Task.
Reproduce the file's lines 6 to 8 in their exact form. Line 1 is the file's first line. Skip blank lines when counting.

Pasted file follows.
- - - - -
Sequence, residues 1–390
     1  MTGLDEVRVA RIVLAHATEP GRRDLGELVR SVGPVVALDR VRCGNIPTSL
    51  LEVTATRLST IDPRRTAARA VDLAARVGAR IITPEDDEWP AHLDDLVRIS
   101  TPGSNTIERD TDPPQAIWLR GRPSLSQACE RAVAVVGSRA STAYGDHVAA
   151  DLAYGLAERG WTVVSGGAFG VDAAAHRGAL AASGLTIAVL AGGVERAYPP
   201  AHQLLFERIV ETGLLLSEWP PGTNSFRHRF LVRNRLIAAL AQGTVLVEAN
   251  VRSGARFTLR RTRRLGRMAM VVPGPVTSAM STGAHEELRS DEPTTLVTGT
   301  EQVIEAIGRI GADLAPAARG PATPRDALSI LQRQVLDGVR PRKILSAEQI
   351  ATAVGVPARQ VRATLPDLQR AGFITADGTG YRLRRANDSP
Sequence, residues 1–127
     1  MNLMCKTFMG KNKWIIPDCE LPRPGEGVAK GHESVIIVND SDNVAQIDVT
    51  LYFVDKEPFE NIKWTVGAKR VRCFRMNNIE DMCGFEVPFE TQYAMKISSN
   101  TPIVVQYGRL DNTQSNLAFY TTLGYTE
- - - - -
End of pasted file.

   201  AHQLLFERIV ETGLLLSEWP PGTNSFRHRF LVRNRLIAAL AQGTVLVEAN
   251  VRSGARFTLR RTRRLGRMAM VVPGPVTSAM STGAHEELRS DEPTTLVTGT
   301  EQVIEAIGRI GADLAPAARG PATPRDALSI LQRQVLDGVR PRKILSAEQI